Western Specialty Contractors – Chicago Facades Branch and KBS, one of the largest owners and operators of premier commercial real estate buildings in the nation, are completing the restoration of a curtain wall at Accenture Tower, an award-winning, 1.46-million-square-foot, 42-story Class A office and retail property at 500 West Madison Street in Chicago, Illinois.
The tower, completed in 1987 and formerly known as 500 West Madison, has twice earned The Outstanding Building of the Year (TOBY) Award Internationally by The Building Owner and Managers Association. The building, which features numerous top-tier amenities, contains 40 stories of office space and 80,000 square feet of retail space over two levels. Sitting above the Ogilvie Transportation Center, the sixth-busiest railway commuter station/terminal in North America, Accenture Tower has earned a UL Verified Healthy Building verification and is LEED Gold and WiredScore Gold certified.
KBS contracted Western Specialty Contractors – Chicago Facades Branch in 2021 to completely restore the existing curtain wall at the property. The project, which is expected to continue through 2025, includes the removal and replacement of the original 35-year-old sealants on the entire 588-foot-tall building’s curtain wall and bridge over Canal Street.
“This restoration demonstrates KBS’ ongoing dedication to delivering the highest-quality amenities at its office properties and highlights its partnerships with service providers like Western Specialty Contractors,” says Luke Hamagiwa, Asset Manager for Accenture Tower and Vice President at KBS. “The curtain wall system will help prevent leaks which is extremely important given the area’s inclement weather.”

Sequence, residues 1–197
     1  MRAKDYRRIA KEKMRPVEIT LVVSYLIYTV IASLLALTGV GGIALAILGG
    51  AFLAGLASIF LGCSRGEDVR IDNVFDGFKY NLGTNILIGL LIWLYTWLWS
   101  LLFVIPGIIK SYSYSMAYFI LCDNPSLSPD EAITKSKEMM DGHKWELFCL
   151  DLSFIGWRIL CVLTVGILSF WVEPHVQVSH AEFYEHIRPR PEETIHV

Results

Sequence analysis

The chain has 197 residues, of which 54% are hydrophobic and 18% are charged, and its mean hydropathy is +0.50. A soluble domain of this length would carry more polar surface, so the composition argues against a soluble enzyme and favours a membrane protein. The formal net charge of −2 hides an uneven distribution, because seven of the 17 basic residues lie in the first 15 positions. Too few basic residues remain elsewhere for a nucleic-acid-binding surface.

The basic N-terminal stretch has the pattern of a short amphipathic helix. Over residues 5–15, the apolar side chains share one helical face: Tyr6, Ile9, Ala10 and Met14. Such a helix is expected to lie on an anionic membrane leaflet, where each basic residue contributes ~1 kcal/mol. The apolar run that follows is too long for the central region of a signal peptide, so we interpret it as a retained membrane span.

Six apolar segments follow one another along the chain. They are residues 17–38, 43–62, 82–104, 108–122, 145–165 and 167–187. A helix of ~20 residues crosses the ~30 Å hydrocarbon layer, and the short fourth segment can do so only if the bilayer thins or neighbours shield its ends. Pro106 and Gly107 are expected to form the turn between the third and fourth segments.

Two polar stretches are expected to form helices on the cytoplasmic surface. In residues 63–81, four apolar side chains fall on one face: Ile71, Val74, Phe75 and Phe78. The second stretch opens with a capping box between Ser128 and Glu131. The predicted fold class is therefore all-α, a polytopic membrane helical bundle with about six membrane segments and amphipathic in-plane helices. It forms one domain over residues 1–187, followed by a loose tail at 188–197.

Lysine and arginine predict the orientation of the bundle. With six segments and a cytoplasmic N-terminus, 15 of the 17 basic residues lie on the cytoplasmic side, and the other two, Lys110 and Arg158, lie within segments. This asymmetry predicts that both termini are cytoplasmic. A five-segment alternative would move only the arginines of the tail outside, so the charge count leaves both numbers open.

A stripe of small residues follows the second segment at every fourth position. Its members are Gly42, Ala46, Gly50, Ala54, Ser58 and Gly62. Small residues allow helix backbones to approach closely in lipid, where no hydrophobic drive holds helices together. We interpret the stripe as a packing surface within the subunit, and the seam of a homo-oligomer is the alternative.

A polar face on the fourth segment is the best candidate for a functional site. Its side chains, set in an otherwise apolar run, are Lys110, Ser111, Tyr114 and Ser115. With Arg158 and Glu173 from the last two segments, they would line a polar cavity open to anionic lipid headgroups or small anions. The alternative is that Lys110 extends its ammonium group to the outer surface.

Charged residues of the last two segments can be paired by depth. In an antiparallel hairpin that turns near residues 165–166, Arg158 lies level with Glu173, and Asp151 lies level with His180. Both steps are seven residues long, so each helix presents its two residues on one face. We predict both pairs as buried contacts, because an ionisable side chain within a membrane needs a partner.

According to Debbie Kalck, Branch Manager for Western’s Chicago Facades Branch, a curtain wall system on a building’s façade plays an important role in protecting the building and its occupants by keeping the weather out while allowing extra natural light deeper into a building’s interior space. Additionally, curtain wall systems play a critical role in the overall building’s design and performance and must take into account various forms of outside air, water infiltration, wind loading and seismic forces.
Kalck adds that the restoration’s long completion schedule is due to Accenture Tower being equipped with two maintenance house rigs—working platforms attached to the curtain wall’s structural tube members and internal track system that are similar to swing stages and operated remotely—which allow Western’s crews to access approximately 80% of the exterior. The house rigs limit the number of crews able to work on the building at one time and do not provide access to the base of the building or the Canal Street bridge.
Areas of Accenture Tower’s that are not accessible with the house rig or aerial man lift include the 42nd-floor rollback at the center of the south elevation and the lower rollbacks on floors 4-6 and 6-9 of the north elevation. Western determined that the most cost-effective way to perform the work at these locations would be via an extensive rope access/controlled descent.
Western employees performing this work have received Society of Professional Rope Access Technicians (SPRAT) training from certified SPRAT evaluators Elevated Safety and are certified as SPRAT Level 1: Rope Access Workers. This training ensures safe work-at-height practices and progresses into the specifics of working on a two-rope system, ascending, descending, transfers, controlled descent devices, and rescue. In addition, workers were trained on anchoring basics, awareness and job hazard analysis. Work at times is performed on a Bosun chair if workers are not able to position themselves elsewhere to perform the work.
“I am so proud of our crews who continue to take on the most challenging projects and are committed to providing our clients with the most cost-effective solutions to safely perform those projects,” says Kalck.